Clutches, Broken Speedometers and Transmission Filters
courtesy of Bob, The Auto Answer Man
A friend of mine and I have been having an ongoing debate concerning gear shifting. Whenever I need to shift into neutral, I always depress the clutch and then move the stick. He insists that I am causing excess wear on my clutch. HE waits for the RPM's to drop down to the level at which a car normally idles, as he is breaking towards a red light, for example, and then simply pulls the stick into neutral. In addition, sometimes he doesn't even use the clutch when shifting INTO gear. For example, after he is in first gear and gets up to speed, he will let the RPM's level off, and then just ease the stick down into second. He is good at this and there is no grinding sound or jerking. By doing this, he says that he has not had to change his clutch in about 80,000 miles so far. It may even be more than that. Is his argument valid? Am I causing excess wear on my clutch by using it to shift into neutral and into other gears? Or is he damaging his gears by not using the clutch whenever he shifts?
You are operating your vehicle correctly. Your friend however might have a transmission that either has very good synchros or is slightly worn. I had a 83 Plymouth with the old 1.7 l 4 cylinder. This car was able to shift without the clutch, but only at certain RPM's. In response to your question about shifting into neutral, if you leave the car in gear as you stop, then "slide" it out of gear, you are actually causing more harm to the engine than anything else. Let me put it to you this way, I had a truck with a manual transmission that I drove for over 50,000 miles without the need for a clutch (I sold it before it needed one) and I used it the "normal" way. By the way, that Plymouth that I told you about, needed a clutch after 30-40k miles of driving.
My odometer doesn't work. I don't know how fast I am going or how many miles I've traveled. It's driving me nuts. They both used to work. Don't remember when they quite, but it was sometime after my hubby worked on the car. He has done what he knows to do but can't figure out what the problem. I am not sure what he has checked or done. Can you help? I've already received one speeding ticket.
Sorry to hear about your problem! Try checking a fuse (if it's an electric one) or the cable at the tranny. Do you hear any squeaks or anything? does the needle bounce at the zero point and not go higher or is it just dead? The reason that the odometer does not work is because it is off of the speedo.
I've got a question that I've wondered about for a while & I hope that you can give me an answer one way or another. Everytime I have changed the transmission fluid & filter on my car ('87 Pontiac 6000), I begin loosening the many bolts which hold the drain pan onto the underside of the transmission. Naturally, once I've loosened enough of the bolts, the fluid begins to drain out of the pan all around the edges. This usually leads to minor burns and major messes. The question is this: Would there be any reason why I could not drill a hole in the drain pan--after removal, of course--tap threads into the hole with a tap and die set, & insert a bolt into the newly-threaded hole for future use as a drain plug just like the oil drain pan has? Is transmission fluid so corrosive that it would eat away at the bolt and hole until it began to leak? Is there any particular reason why the manufacturers do not install drain plugs in the transmission pans? I realize that transmission filters and fluid are not changed as often as oil & oil filters, but how much more trouble would it have been for them to drill and tap a hole and put a plug into it? If I do decide to try this on my car, are there any special considerations that I should take into account? Hope you can give me some help with this dilemma.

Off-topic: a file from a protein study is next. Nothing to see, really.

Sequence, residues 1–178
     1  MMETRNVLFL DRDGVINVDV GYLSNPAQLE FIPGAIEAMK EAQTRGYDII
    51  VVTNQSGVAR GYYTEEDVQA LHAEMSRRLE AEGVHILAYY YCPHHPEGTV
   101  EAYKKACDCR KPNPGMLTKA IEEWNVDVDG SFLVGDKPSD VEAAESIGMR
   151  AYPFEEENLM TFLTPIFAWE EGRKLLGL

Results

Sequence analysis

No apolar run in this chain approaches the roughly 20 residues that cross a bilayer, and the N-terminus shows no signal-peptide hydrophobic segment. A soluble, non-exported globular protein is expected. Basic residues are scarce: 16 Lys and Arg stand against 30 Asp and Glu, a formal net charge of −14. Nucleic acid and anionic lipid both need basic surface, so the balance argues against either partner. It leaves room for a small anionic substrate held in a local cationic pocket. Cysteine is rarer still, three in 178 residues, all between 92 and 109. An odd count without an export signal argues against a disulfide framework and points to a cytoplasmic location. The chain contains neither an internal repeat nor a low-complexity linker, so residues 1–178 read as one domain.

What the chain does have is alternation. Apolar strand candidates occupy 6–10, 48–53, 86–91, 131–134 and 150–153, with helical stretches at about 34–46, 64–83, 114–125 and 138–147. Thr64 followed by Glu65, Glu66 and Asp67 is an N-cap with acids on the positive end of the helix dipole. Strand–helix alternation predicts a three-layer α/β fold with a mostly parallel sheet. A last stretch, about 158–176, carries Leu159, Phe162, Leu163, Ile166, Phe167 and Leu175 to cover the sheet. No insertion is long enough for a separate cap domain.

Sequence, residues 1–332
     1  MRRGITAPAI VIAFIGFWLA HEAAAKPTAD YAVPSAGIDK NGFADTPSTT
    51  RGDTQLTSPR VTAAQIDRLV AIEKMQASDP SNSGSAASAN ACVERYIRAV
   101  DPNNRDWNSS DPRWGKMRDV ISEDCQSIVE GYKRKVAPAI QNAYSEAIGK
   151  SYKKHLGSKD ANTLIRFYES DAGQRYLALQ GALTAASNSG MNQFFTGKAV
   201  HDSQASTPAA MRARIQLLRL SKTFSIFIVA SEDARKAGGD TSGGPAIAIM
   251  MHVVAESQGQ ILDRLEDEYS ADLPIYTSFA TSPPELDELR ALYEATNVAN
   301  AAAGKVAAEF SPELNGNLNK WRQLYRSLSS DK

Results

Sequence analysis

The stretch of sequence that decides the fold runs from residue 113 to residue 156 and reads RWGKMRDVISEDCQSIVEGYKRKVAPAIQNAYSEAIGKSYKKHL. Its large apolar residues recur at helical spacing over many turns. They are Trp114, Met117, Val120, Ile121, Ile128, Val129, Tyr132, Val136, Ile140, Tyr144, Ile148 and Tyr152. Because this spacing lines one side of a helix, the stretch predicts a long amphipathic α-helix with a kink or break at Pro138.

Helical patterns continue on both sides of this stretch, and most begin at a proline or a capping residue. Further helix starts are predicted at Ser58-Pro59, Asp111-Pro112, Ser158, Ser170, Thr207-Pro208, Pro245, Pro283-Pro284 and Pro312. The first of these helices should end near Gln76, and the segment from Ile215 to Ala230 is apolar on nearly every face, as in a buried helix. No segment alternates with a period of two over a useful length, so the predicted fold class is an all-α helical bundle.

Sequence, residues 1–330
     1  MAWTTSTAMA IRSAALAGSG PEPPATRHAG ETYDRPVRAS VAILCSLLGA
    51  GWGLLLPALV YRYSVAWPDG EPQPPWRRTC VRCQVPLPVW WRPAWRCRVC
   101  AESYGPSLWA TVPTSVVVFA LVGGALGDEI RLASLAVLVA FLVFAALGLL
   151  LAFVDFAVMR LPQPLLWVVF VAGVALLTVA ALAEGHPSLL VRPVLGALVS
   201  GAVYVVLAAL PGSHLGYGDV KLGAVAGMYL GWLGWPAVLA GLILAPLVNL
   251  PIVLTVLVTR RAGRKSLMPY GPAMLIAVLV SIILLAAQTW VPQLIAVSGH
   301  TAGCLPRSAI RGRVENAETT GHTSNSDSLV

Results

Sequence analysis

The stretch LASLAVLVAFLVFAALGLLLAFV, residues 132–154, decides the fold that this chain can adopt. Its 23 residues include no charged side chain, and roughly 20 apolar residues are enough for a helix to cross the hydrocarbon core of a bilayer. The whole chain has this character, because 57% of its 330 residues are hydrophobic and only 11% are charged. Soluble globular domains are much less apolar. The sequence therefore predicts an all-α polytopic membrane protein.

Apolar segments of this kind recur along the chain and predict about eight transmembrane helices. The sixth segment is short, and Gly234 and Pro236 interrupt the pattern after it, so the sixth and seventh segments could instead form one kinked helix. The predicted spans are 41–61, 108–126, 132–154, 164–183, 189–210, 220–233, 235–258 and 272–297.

Your question is one that I have pondered about myself. This job is so messy, that I almost refuse to do it. I would rather pay someone else that do it myself. To answer your question I phoned a friend of mine who just happens to be connected with an exotic import (I don't wish to mention what type of car it is, but it's fast, red and Italian). I am told that the reason is the same regardless of manufacturer. The reason is that it is MORE important to change the filter than the fluid. The manufacturers feel that if there is a drain plug, then only the fluid would be changed and not the internal filter. So to answer your question, yes you can install your own drain plug, just make sure that it seals and that there is clearance.
Bob, The Auto Answer Man
Have a car care question? Visit our automotive center and see if we've already answered it or a similar question.
Also in Home
- How to save energy by monitoring usage Giveaway
- Controlling a messy closet for less!
- How to find the best washing machine for your family
- Reduce your water bills with rain barrels
- Is hanging wallpaper a DIY job?
- Selling your home online
- Creative kids' rooms on a budget
- Natural care of fruit trees
- 5 ways your house can make you go broke
- 5 simple and affordable luxuries for your home
- Does staging really raise a home's price?
- 5 home renovation can raise your insurance rate -- or lead to discounts
- The right way and wrong way to pay down your mortgage
- 6 cheap, effective home security solutions
- 3 ways (and 1 reason) to refinance a HELOC
- 6 home projects that don't pay for themselves
- Should I refinance my home equity line?
- Find the best mortgage rates in your area
- 3 ways to use a mortgage calculator
- Mortgage calculator: Calculate your payment and more
- Home equity calculator: HELOC vs. line of credit
- Mortgage refinance break-even calculator
- How much money can I borrow for a mortgage?